It’s only February and the diet ad blitz for the perfect beach body has begun. They go hand-in-hand with the new and improved exercise programs. Everything from weight loss companies to exercises guaranteed to give you the ‘body you always wanted’ appear in the media. Never mind that we’re still in the throes of a pandemic, we’re being told that we should only be concerned with having the perfect body or as near an approximation of one as possible.

The interesting thing about weight loss programs themselves is the fact that, even in a struggling economy, they generate a multi-billion dollar industry annually. You read that correctly—a multi-billion dollars a year industry. How’s that for a recession proof business?

Before handing over your hard-earned money to a depersonalized business, ask yourself this question: Do you like your body or are you forever trying to undue what nature gave you in your pursuit of the ‘perfect form’?

There is a great deal of pressure put on women to fit an abnormal ideal of what the female form should look like to be “appealing.”  And believe it or not, it isn’t just in 2021 that women will suffer to be considered beautiful.

What women will do today, and have done in the past, to achieve the so-called ideal image is incredible. Let’s take a walk through fashion history in the search for the perfect form.

In Victorian times women wore corsets or cages made of whale-bone, that were designed to achieve the perfect figure—a miniscule waist which emphasized the fuller top and bottom. Women damaged their bodies in the rib area by the constant and painful pressure of these cages. Even pregnant women had no reprieve from the corset and endangered their health by wearing these devices of torture. The marks left by the corset were permanent.

Besides mercilessly holding you in, the corset restricted activity and breathing. No wonder fainting was popular among the delicate sex of that era. Just walking from one room to another made you breathless and tired!

The Edwardian age of the early 1900’s kept a form of the torturous corset, adding a large metal bubble called a bustle. While a woman’s stomach was to be as ‘flat as a pressing board’, the rear was enlarged by means of a bustle. The chest was still large and made to look even larger by the addition of drapes of lace.

Fast forward to the 1920’s and the feminine ideal was the flapper who was supposed to have no noticeable curves! Many healthy women with normal curves would bind their unruly bosom close to their bodies to achieve the lean boyish look that was fashionable.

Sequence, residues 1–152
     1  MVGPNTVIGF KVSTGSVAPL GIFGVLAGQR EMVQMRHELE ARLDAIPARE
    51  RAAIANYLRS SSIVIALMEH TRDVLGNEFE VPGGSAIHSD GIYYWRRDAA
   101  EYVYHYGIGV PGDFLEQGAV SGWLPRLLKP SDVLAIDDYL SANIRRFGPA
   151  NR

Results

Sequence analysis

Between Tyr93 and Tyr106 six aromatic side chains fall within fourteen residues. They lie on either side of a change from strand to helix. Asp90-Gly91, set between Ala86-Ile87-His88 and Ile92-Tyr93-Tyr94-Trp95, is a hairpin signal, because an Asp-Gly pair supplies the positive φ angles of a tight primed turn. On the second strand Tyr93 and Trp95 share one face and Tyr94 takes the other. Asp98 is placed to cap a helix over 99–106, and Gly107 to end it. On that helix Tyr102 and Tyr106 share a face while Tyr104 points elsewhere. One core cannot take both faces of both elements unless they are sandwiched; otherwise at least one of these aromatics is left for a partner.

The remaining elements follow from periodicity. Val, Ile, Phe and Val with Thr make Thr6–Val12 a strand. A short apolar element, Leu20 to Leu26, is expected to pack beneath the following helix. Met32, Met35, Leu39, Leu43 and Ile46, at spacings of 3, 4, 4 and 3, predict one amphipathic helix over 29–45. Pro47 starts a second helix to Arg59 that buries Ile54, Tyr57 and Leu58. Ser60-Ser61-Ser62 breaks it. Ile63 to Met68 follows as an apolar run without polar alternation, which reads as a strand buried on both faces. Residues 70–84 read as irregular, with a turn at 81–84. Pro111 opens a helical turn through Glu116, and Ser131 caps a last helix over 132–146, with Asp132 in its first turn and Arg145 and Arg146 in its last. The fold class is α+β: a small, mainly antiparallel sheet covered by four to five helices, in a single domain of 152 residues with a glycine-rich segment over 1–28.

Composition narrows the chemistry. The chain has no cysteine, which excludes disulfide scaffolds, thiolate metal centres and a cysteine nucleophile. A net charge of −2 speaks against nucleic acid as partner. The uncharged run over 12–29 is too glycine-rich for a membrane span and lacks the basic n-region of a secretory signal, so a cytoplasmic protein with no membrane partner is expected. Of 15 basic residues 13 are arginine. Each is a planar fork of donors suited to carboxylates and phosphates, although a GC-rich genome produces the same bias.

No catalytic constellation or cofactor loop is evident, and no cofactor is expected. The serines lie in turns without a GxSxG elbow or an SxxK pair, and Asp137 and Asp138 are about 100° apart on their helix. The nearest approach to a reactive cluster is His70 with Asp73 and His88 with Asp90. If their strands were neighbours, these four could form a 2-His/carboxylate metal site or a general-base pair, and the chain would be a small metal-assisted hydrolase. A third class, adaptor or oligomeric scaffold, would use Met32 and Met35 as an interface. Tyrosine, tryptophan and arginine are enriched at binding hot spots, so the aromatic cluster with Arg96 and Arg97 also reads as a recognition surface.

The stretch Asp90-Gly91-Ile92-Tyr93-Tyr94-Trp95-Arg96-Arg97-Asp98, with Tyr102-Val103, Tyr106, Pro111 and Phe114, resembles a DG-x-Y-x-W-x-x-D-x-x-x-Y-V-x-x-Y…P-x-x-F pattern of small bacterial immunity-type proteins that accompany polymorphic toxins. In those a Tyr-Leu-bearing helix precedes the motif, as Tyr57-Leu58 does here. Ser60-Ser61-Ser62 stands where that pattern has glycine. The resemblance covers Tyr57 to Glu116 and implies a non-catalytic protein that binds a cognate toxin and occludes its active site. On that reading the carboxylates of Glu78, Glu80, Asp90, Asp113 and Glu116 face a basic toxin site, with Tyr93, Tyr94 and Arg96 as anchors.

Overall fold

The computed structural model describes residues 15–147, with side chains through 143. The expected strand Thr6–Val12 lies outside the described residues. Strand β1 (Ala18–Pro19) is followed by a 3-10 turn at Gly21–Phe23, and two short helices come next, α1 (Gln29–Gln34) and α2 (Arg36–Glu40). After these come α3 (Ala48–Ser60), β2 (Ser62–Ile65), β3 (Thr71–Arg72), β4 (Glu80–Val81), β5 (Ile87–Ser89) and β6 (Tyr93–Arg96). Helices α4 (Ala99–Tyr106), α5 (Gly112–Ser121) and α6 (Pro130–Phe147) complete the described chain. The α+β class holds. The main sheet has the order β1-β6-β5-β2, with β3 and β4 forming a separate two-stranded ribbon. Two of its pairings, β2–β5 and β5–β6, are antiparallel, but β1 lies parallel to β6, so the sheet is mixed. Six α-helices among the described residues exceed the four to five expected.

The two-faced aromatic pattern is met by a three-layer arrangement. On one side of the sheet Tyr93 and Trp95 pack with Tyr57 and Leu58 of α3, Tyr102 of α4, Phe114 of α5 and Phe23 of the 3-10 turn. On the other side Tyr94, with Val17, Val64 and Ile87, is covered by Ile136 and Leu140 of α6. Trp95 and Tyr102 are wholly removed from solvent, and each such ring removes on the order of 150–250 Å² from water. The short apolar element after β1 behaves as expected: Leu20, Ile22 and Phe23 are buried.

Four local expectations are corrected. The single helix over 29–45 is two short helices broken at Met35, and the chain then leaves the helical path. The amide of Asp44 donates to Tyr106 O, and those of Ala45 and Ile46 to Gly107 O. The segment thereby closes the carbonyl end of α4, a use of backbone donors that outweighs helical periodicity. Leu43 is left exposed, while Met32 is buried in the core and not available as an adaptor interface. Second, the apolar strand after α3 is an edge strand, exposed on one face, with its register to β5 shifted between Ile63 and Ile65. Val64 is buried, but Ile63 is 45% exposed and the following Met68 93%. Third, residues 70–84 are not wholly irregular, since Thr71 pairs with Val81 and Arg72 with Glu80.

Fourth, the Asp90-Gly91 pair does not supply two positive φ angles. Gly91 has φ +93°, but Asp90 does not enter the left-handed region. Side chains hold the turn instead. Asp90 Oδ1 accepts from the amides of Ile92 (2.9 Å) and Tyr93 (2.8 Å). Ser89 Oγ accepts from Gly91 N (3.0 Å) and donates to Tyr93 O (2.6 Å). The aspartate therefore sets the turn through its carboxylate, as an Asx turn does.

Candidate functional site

The ’30’s, ‘40’s, and ‘50’s brought back the fuller normal figure that most women had but still had uncomfortable garments to hold everything in.

The ‘60’s? Let’s just say it was a throwback of sorts to the flapper era—this time it was Twiggy and starvation. No curves anywhere. Looking like an adolescent boy was the perfect bikini body of that time.

In the decade of the nineties the lollipop look was popular. This was an unnaturally thin body with a large head of hair. Some people called it the head on a stick look.

We’d like to think that we’ve gotten far from following silly fashion and the latest fad diets but if that were the case then eating disorders wouldn’t be on the rise and weight loss groups would be out of business.

The healthiest, most perfect body is one that is taken care of through proper nutrition and healthy exercise. If you take care of yourself, who’s to say that your body isn’t the ideal?

Be smart, be healthy.

© copyright 2021 Kristen Houghton all rights reserved


  • Kristen Houghton

    Kristen Houghton

    Thrive Global

    Kristen Houghton is the award-winning author of the popular series, A Cate Harlow Private Investigation.  She is also the author of nine novels, two non-fiction books, a collection of short stories, a book of essays, and a children’s novella. Her horror novel, Welcome to Hell, was nominated for a Bram Stoker Award. Houghton has covered politics, news, and lifestyle issues as a contributor to the Huffington Post. Her writing portfolio includes Criminal Element Magazine, a division of Macmillan Publishing, Today, senior fiction editor at Bella Magazine, interviews and reviews for HBO documentaries, OWN, The Oprah Winfrey Network, and The Style Channel. Before becoming a full-time  author, Kristen, who holds an Ed.D. in linguistics, taught World Languages on the high school and university levels. Along with her husband, educator Alan William Hopper, she is a philanthropist for Project Literacy and Shelters With Heart, safe havens for victims of domestic abuse and their pets . mailto:  [email protected]